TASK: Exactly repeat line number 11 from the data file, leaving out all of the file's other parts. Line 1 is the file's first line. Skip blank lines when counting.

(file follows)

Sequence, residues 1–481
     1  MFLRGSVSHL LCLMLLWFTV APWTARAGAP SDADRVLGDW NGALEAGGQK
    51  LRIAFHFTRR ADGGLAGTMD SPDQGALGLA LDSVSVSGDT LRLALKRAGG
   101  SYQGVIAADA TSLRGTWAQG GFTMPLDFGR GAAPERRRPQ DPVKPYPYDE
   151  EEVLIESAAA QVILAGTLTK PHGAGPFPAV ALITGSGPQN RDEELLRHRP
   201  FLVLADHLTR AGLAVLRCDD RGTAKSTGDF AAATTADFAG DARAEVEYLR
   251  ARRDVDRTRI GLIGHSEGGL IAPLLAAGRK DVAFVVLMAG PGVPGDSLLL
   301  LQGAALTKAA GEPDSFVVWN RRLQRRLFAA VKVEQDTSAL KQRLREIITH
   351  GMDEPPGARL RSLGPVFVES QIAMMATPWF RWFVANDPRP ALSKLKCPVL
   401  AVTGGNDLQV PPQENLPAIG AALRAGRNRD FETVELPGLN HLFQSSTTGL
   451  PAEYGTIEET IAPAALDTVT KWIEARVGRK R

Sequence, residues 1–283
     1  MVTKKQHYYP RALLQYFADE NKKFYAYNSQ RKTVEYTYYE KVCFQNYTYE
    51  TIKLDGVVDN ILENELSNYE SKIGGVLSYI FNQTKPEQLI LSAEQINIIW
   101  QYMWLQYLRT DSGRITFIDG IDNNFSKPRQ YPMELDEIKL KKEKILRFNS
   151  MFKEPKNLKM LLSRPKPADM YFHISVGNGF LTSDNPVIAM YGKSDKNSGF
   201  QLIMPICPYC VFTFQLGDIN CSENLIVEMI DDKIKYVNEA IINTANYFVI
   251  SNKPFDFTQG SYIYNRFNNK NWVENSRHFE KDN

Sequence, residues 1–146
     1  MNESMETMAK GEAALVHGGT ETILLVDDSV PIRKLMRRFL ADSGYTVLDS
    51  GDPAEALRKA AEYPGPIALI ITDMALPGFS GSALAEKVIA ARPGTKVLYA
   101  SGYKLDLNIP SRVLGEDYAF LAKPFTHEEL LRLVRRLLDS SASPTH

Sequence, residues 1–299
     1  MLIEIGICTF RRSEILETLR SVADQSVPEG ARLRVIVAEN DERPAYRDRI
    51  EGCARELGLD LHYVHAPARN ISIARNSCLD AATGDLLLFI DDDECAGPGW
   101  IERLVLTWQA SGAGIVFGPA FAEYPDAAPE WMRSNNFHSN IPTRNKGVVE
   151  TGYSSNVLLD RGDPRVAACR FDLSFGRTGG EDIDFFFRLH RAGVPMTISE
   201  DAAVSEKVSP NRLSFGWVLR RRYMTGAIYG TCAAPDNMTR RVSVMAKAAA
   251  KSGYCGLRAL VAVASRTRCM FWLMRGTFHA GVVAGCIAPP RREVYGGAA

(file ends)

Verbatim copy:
   451  PAEYGTIEET IAPAALDTVT KWIEARVGRK R